Embargoed until 00:01 Friday 27 February 2009
Three quarters of British parents are concerned about the content of video games and the same number want independent regulation of their content, according to a new YouGov poll for the British Board of Film Classification. The vast majority also believe that video games affect some children’s behaviour.
The poll, conducted as the Government prepares to make a decision on whether to allow the games industry to continue to regulate privately, shows parents overwhelmingly favour some sort of system which would see video games rated in the same way DVDs and films are rated.
The Government is currently considering the outcomes of a consultation following the publication of its Review by Tanya Byron last year which recommended that games for people of 12 years and over should come to the BBFC for classification. The games industry has argued that games should be regulated by their own self regulatory system called PEGI.
The key results from the poll are as follows:
• By 74 per cent to 7 per cent parents are concerned about the content of some video games.
• By 79 per cent to 6 per cent parents think video games may affect the behaviour of some children.
• By 74 per cent to 5 per cent parents believe video games should be regulated by an independent regulator.
• By 77 per cent to 4 per cent parents believe video game ratings should reflect the concerns of UK parents.
• By 82 per cent to 3 per cent parents believe it would help them if video games used the same ratings as films and DVDs.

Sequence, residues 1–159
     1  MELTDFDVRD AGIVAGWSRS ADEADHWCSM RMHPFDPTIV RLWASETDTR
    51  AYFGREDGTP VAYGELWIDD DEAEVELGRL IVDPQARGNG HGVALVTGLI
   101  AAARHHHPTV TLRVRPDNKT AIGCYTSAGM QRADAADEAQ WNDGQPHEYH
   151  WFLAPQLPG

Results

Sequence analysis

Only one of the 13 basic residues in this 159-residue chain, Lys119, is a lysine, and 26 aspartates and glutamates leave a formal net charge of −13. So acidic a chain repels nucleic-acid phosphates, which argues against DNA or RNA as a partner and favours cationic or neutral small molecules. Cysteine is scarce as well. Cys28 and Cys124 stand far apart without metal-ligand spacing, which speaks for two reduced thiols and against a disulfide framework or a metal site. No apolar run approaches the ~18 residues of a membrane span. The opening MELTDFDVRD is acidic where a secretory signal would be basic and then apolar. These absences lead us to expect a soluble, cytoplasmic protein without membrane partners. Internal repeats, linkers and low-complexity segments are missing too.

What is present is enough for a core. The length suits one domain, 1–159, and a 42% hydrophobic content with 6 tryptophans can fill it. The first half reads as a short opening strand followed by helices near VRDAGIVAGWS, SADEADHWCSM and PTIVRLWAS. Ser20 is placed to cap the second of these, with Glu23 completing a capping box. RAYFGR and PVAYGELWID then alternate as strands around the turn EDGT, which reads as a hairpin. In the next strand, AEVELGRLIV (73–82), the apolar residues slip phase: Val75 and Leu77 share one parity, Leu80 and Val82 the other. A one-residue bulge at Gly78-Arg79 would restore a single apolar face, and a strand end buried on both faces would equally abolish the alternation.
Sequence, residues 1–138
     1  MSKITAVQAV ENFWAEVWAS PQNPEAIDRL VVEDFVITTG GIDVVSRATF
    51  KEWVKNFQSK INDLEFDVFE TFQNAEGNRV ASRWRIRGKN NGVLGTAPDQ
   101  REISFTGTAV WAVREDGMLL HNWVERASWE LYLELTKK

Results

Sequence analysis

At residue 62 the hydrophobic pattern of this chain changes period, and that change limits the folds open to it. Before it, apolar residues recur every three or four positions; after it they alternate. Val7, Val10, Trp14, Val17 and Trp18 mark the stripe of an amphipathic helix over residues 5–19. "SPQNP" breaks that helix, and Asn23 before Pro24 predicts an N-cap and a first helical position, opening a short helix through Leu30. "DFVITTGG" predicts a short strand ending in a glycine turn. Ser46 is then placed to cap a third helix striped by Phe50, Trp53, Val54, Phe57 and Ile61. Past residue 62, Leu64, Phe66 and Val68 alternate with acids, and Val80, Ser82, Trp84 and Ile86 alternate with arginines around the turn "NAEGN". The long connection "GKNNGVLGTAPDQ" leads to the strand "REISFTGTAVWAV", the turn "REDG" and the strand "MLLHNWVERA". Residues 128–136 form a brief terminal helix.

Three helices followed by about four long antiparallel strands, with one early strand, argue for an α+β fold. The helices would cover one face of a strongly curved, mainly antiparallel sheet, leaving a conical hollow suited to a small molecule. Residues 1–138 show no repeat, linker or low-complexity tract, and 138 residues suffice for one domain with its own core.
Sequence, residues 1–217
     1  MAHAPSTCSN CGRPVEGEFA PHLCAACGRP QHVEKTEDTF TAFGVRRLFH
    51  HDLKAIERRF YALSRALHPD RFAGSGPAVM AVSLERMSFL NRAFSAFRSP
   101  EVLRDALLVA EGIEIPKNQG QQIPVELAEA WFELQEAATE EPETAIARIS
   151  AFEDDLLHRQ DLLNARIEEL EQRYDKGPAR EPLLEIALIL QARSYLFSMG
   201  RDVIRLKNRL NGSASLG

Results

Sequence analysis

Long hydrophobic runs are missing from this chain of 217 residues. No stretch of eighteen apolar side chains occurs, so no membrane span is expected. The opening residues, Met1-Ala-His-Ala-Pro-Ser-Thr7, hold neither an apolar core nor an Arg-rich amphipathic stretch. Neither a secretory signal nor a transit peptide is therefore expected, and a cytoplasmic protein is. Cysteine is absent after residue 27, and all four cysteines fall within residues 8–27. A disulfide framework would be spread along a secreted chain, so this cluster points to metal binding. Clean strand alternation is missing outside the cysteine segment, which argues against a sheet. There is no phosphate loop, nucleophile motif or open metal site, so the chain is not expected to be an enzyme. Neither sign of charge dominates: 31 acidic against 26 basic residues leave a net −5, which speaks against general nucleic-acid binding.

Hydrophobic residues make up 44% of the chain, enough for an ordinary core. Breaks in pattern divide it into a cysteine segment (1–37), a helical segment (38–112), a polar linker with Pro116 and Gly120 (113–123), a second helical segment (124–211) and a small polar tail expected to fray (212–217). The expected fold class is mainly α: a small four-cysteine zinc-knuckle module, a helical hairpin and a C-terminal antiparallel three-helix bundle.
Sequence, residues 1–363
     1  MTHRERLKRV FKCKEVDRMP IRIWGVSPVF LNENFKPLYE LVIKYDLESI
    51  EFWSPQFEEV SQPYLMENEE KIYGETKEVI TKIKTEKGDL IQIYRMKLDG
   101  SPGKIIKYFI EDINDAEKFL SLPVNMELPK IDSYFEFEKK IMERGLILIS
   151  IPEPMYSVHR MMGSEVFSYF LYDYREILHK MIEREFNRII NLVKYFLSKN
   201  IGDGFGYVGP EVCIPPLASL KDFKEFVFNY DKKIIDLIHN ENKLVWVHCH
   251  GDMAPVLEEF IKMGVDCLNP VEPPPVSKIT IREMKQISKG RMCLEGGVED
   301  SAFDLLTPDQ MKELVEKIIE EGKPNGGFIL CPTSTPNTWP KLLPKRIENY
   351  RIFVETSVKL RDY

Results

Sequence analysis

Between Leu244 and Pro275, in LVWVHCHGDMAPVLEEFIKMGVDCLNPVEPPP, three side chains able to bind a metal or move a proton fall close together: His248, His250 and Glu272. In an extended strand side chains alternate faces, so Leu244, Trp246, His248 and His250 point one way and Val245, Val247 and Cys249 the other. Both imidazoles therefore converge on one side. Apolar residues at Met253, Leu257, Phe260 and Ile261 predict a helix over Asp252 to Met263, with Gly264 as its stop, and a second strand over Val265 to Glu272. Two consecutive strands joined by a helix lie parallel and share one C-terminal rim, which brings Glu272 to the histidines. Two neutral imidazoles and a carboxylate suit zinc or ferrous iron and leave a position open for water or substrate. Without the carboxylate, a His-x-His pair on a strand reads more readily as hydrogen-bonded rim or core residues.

David Cooke, Director of the BBFC said:
“This poll clearly shows parents support a regulatory system for games that is independent of the industry and UK based, reflecting UK sensibilities and sensitivities. The UK public wants the protection of children to be paramount when regulating games which, of course, reflects the concerns which led to Tanya Byron being asked to produce her report. The BBFC has been classifying games for over 20 years and our decisions reflect the views of the public. Our classification systems and symbols are known and trusted by the public and in a converging media world they want to know what their children are playing as well as watching.”
Notes for Editors
1. All figures, unless otherwise stated, are from YouGov plc. Total sample size was 2143 adults (1329 parents). Fieldwork was undertaken between 9–11 February 2009. The survey was carried out online. The figures have been weighted and are representative of all GB adults (aged 18+).
2. This survey was carried out for the BBFC by YouGov but the respondents did not know who had commissioned the survey.
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